};

/* Wrap any integral type up to the size of a (unsigned) HWI
   as wide_int <wi_embed <1> >.
   ???  The following only handles 'int', handling the rest
   of the suitable integer types via a separate helper trait is
   left as an excercise for the reader.  */

template <>
class wi_traits <int>
{
public:
    typedef wide_int <wi_embed <1> > wi_t;
    wi_traits(HOST_WIDE_INT hwi)
  {
    wi_embed <1> ws;
    ws.construct ();
    ws.storage()[0] = hwi;
    w.construct (ws);
  }
    wi_t* operator->() { return &w; }
private:
    wi_t w;
};


/* wide-int operations.  To avoid code-bloat the actual workers
   can be trivially outlined by giving them a non-template interface
   working on HOST_WIDE_INT * arrays.  */

template <class S>
template <class S2>
wide_int<S>&
wide_int<S>::operator=(const wide_int<S2>&b)
{
  unsigned i;
  this->set_len (b.len());
  for (i = 0; i < b.len(); ++i)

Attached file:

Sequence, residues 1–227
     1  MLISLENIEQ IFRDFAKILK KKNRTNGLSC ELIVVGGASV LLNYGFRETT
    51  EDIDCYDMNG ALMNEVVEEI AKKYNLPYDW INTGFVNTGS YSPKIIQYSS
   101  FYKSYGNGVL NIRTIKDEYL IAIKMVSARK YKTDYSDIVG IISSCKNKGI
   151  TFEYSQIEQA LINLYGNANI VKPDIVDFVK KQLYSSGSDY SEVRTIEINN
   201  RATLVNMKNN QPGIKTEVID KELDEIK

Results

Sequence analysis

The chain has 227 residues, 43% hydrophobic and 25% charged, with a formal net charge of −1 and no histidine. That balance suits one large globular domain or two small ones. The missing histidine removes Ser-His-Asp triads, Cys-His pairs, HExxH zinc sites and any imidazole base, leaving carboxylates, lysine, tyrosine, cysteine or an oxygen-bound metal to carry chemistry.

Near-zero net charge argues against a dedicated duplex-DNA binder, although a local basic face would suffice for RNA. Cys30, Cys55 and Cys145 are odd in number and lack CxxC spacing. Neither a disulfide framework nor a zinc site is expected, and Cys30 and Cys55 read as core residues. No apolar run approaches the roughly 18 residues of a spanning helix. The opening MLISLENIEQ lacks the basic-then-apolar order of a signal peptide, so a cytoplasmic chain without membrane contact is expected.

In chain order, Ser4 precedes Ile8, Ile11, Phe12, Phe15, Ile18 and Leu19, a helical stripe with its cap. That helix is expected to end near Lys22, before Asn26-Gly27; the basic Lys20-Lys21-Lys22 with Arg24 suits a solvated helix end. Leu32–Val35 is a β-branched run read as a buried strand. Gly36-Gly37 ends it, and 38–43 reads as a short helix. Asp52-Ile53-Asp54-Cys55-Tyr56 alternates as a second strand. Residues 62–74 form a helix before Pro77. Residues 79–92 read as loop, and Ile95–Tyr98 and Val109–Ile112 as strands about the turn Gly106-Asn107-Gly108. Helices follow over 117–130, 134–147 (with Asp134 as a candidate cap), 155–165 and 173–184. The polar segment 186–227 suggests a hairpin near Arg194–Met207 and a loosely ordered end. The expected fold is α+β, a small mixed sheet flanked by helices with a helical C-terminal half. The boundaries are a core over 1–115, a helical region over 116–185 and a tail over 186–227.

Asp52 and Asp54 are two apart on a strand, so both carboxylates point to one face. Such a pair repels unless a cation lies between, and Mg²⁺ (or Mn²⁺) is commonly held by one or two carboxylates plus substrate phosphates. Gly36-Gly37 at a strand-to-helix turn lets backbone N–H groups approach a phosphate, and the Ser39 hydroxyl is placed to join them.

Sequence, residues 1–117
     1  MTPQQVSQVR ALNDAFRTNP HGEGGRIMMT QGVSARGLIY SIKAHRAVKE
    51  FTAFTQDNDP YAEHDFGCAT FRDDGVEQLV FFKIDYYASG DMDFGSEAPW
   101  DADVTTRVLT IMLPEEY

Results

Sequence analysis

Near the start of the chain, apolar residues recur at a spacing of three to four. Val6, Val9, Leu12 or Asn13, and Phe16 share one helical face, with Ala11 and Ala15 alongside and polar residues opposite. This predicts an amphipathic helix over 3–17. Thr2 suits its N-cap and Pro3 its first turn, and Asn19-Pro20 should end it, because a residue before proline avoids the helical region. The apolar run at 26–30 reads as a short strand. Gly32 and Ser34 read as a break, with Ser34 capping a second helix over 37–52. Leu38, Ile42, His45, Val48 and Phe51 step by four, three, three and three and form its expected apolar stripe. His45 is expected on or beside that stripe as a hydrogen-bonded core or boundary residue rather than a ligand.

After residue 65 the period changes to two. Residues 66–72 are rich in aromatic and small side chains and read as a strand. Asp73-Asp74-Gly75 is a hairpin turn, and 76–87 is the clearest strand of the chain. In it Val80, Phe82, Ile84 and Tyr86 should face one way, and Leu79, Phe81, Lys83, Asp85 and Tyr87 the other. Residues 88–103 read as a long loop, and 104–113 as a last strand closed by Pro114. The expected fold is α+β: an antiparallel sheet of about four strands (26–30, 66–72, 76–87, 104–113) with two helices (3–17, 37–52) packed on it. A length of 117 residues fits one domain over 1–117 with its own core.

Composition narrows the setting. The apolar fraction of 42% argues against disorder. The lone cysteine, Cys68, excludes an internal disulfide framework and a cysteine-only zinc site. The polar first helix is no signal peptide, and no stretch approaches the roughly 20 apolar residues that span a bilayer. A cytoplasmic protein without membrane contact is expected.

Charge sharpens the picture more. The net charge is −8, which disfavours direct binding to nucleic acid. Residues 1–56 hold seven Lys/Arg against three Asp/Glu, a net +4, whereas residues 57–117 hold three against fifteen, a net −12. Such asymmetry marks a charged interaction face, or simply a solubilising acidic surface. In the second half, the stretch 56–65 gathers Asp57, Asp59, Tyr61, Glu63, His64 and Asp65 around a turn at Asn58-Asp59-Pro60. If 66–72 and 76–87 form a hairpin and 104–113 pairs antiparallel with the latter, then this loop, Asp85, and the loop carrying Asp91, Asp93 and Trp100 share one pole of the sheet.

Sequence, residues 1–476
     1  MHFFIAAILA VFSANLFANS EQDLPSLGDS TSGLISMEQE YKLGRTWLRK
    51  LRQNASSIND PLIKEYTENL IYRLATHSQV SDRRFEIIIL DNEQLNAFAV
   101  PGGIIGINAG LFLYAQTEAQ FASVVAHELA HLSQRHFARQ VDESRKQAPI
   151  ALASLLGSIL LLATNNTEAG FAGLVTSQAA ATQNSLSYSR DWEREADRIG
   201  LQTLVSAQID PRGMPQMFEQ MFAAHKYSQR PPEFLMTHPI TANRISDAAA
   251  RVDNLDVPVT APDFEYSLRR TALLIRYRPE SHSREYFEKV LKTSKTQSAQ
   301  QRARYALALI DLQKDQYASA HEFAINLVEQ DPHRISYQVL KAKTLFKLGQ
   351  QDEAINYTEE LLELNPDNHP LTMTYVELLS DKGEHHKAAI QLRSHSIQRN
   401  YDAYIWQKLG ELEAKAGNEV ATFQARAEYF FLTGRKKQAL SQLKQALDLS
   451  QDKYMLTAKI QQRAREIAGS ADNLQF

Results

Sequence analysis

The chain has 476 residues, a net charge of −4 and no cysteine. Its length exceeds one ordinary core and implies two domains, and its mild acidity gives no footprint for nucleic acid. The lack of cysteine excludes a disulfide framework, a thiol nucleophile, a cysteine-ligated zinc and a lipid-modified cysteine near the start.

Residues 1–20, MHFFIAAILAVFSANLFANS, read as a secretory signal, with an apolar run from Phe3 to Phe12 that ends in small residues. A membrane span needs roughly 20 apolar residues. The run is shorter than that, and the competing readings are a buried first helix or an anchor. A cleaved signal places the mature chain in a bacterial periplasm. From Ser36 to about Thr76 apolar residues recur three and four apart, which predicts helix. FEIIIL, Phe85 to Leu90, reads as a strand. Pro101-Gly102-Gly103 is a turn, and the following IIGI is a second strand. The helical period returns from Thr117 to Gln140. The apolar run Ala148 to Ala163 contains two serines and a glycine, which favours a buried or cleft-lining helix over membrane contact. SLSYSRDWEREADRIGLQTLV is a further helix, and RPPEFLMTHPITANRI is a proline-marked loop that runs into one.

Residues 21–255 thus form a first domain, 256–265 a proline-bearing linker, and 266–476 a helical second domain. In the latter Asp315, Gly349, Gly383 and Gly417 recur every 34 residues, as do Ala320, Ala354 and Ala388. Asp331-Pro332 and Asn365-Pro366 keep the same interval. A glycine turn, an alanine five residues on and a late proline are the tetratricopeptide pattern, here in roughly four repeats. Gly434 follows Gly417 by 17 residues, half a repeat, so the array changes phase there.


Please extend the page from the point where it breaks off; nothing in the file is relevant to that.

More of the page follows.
this->storage()[i] = b.storage()[i];
  for (; i < this->len(); ++i)
    this->storage()[i] = 0;
  return *this;
}

template <class S>
template <class T>
wide_int<S>&
wide_int<S>::operator+=(const T &b_)
{
  wi_traits<T> b(b_);
  /* Compute a += b.  */
  unsigned i;
  if (b->len () > this->len ())
    this->set_len (b->len ());
  for (i = 0; i < this->len (); ++i)
    this->storage()[i] += b->storage()[i];
  return *this;
}

template <class S>
template <class S1, class T>
wide_int<S1>
wide_int<S>::operator+(const T &w)
{
  /* Compute a + b */
  wide_int<S1> res;
  // ???  Initialization from *this not possible via implicit
  // use of operator=  */
  // wide_int<S1> res = *this;
  res = *this;
  res += w;
  return res;
}

template <class S>
template <class T1, class T2>
wide_int<S>&
wide_int<S>::add(wide_int<S>& res, const T1&a_, const T2&b_)
{
  wi_traits<T1> a(a_);
  wi_traits<T2> b(b_);
  res.set_len (a->len () > b->len () ? a->len() : b->len ());
  for (unsigned i = 0; i < res.len (); ++i)